March 2013 - Antenna Selection For Your Property



    • Define your priority plus wants.

        • HF, weekends during the day – probably 20 mtr. single band. Or wants would be 20, 15 & maybe 10 mtr.

        • HF, evenings or early mornings would be 40 mtr. Or wants would be 40 & 80 mtr.

        • HF, want it all then go for 10 thru. 80 mtr.

        • Looking for Long distance - out of country; Medium distance - would be to East Coast; or Short distance - surrounding states (400 miles & less). Defined by Freq. & height above the ground. Higher requires stronger pole/tower or guying or combination.

        • Local communications – VHF (majority) or VHF & UHF – Dual band antenna’s.

NEXT: (Based on above – it will be an iterative decision-making-process, with physical availability, maximizing performance, restrictions & costs)

    • Evaluate your property for three dimensional space with structures like buildings, trees, fences, etc.

    • Another important consideration is covenants (CC&R’s) which puts restrictions on what type of antennas can be installed. You should read them first & determine your restrictions. Typically, this means antennas must be stealth or within the roof of the house or in the addict. Stealth could mean an American Flag Pole that doubles as an antenna. Other stealth things could be a wire antenna that is attached to trees or does not require free standing structures to hold it up. Some verticals can be telescoped up at night & lowered during the day. Antennas such as short dipoles, small loops, or hex beams can be mounted within the roof of your house.

    • Dipoles-HF, longest dimension of property is important for 80 meter dipole (over 120 feet or shortest 80 feet with reduced performance). Also height is important, especially for long distance signals. Less height is required for higher Freq. bands like 10 mtr (about 15 ft.). Try for 1/2 wave length above grd. or one quarter wave length above grd.

    • Verticals-HF, needs area of 360 degrees for radials. Radial wire for 80 mtrs needs to be 66 plus feet long. Shorter for higher bands like 10 mtrs or about 9 feet (1/4 wavelength).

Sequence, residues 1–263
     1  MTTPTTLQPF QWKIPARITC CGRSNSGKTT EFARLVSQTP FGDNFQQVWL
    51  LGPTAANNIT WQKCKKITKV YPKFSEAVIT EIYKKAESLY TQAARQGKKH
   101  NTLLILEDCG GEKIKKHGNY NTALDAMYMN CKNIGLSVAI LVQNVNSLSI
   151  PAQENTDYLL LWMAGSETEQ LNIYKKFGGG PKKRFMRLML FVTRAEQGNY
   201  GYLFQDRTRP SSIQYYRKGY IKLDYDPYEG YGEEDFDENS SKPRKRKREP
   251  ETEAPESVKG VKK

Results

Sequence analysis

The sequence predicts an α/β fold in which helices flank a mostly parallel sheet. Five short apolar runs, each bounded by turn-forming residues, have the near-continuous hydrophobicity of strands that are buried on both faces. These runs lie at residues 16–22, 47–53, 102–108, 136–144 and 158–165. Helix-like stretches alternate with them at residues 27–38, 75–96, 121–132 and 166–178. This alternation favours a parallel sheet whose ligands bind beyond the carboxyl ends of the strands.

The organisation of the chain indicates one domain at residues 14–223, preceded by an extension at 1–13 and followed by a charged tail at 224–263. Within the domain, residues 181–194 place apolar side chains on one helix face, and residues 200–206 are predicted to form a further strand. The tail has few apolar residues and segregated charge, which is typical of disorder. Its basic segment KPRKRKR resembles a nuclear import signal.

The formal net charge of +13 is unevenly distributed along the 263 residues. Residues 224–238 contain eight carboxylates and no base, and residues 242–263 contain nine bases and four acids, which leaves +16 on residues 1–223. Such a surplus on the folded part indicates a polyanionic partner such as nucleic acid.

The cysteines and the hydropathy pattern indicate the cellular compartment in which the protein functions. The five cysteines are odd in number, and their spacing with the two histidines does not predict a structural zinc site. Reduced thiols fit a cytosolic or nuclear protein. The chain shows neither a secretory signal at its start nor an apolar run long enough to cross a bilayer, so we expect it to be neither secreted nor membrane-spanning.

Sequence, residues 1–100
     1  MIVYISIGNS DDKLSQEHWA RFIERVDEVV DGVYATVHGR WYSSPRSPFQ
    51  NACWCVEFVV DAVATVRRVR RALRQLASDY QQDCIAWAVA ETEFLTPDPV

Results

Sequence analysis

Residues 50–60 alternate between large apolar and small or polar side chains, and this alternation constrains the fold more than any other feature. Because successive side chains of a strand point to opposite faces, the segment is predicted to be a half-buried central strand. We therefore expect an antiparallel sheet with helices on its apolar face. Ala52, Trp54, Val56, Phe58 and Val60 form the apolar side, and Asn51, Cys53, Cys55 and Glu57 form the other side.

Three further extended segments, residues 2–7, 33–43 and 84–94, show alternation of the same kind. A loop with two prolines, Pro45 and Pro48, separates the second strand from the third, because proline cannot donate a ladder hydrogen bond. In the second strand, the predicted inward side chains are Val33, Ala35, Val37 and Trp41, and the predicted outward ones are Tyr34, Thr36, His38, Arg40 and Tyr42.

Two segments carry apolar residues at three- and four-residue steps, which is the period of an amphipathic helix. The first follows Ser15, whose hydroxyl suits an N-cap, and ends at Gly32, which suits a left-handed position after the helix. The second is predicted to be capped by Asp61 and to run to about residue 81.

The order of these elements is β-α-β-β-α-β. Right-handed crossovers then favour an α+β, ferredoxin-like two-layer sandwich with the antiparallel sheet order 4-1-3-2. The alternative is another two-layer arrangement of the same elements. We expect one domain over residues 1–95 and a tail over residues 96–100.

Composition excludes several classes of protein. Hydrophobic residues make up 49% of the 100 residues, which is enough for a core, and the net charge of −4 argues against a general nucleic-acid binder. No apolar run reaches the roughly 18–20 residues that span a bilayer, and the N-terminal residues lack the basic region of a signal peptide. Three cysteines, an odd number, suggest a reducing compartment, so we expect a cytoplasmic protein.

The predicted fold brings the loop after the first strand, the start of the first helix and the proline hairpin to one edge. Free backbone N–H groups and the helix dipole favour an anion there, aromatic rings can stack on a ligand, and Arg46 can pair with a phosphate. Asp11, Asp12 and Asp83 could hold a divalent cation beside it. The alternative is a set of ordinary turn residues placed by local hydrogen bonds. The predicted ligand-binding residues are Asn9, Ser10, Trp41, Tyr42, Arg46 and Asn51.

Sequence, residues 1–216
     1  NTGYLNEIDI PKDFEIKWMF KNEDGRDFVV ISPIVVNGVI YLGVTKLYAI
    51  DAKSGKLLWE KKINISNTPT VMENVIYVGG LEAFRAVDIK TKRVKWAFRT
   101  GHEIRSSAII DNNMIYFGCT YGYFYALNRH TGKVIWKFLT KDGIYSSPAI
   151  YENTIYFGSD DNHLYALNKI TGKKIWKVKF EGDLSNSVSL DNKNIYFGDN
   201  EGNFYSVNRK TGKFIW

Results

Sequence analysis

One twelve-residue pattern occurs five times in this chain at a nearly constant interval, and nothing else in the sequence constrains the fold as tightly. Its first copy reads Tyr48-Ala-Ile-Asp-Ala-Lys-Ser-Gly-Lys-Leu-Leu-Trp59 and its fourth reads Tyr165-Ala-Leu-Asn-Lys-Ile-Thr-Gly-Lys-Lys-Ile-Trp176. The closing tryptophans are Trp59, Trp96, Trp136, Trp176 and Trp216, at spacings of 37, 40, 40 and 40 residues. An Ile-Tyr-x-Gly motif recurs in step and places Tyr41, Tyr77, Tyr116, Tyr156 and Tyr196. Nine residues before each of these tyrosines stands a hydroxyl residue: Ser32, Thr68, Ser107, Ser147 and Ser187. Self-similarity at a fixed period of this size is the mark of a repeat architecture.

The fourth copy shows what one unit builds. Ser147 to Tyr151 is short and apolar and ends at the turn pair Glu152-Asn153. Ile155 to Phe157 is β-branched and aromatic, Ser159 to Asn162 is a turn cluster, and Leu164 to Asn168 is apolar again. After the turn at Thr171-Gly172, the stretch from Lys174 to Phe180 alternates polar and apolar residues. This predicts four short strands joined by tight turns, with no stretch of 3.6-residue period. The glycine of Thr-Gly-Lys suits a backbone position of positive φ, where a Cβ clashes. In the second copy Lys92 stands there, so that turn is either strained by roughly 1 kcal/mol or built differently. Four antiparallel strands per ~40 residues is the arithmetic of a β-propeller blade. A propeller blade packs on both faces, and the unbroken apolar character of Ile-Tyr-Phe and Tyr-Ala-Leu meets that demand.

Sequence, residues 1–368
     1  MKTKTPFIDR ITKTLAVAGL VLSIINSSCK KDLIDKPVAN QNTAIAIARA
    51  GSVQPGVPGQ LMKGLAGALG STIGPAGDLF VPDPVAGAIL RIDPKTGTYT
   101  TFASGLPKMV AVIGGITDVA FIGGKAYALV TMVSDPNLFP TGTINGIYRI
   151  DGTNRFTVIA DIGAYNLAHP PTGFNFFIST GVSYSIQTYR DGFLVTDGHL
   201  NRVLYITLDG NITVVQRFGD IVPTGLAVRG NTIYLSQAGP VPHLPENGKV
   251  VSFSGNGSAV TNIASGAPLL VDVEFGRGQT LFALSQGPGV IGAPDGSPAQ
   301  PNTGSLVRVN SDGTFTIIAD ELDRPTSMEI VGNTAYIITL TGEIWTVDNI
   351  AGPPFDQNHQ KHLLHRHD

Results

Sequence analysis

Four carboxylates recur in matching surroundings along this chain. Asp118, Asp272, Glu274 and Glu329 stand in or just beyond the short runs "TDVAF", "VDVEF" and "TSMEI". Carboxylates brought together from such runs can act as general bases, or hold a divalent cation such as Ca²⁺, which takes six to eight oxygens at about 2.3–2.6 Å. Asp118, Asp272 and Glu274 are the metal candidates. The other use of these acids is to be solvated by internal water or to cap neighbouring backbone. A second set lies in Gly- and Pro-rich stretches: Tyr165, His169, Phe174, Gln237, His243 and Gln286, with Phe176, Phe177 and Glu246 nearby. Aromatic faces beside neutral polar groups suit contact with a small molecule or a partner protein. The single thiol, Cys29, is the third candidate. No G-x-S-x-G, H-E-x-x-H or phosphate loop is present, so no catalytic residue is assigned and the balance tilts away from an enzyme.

• A typical multiband 10 thru. 80 meter vertical is 43 feet high. Minimum four radials per band makes the efficiency of the system at about 20 percent which will work good. The appropriate number of radials is about 12-16 per band and less for multi-band verticals because some of the low HF band radials will work for the higher band HF frequencies. Note the ends of the radials can be curved like an (“L”) to accommodate space limitations.

    • Yagi antennas are typically for 20 thru 10 mtr and require a structure to hold them up (tower & a rotator). This drives cost many times over the cost of a vertical or a dipole. Yagi’s are directional & will provide long distances with less power & less QRM. The height for yagi’s is the same for dipoles. Try for one half wave length high.

    • A suggestion would be to Develop your wants & needs & take measurements of your property & the structures on it, with pictures. Then get Elmers from the club to walk the property & make suggestions based on your needs, property configuration & available funds.

    • VHF & UHF antennas are typically small enough that they can be mounted almost anywhere without generating visible ques. Otherwise they can be mounted on or in the house.

    • Costs:

        • 10 thru. 80 mtr dipoles cost about 50 to 300 dollars & about 100 dollars for a thirty foot pole – guyed.

        • 10 thru. 80 mtr 43 foot verticals cost about 300 to 600 dollars with radials & a balun and/or matching network.

        • 10 thru. 40 mtr 28 foot verticals with a counter-poise are about 300 to 700 plus dollars.

        • Mono-band verticals are about 170 to 250 dollars.

        • Hex Beam (2 ele.) 6-20 meters about 700 dollars.

        • 3 ele. plus Yagi 10-20 meters full size about 600 to 5 thousand dollars. Towers cost about 2 – 50 thousand dollars plus installation.

        • Home Brews can reduce costs significantly.

        • People have attached their twin lead to aluminum rain gutters, pieces of pipe, etc and made them work.

        • Note – Non-typical antennas require a high capacity matching network or antenna tuner.

        • None of the perspectives above include coax. Good coax is about $1 per foot.


    • Always check for power lines before erecting or putting up an antenna. Remember, antennas can sway in the wind, so place your antenna as far away as you can from power lines.

    • Do not put an antenna next to the children’s bed room with more than qrp RF power & operating for long periods.

    • Get a perspective of RF exposure to your family and your neighbors (property line, i.e. public access).

Things to think about:

    • Always use the longest & tallest & highest above the ground antenna, as you can! This maximizes the efficiency & is easier to tune.

    • Many short (for a band or frequency) antenna’s require manual manipulation to use more than 25 khz of a band width or to change bands. Others have remote control to tune the movement in frequency or bands.

    • Always use the best coax you can afford. For example – on 10 meters, RG-58 has more than twice the loss of signal as LMR400 does per 100 feet (sending & receiving).

    • First - Always tune the antenna as close to 50 ohms for the frequency you will be using. At 25 ohms and above or 100 ohms and below will work – 2 to 1 SWR.

    • Always check the SWR with low pwr (5 watts) and if necessary use an antenna tuner to provide a good match for the transmitter before turning the power up.


Pictures of some typical Stealth antennas: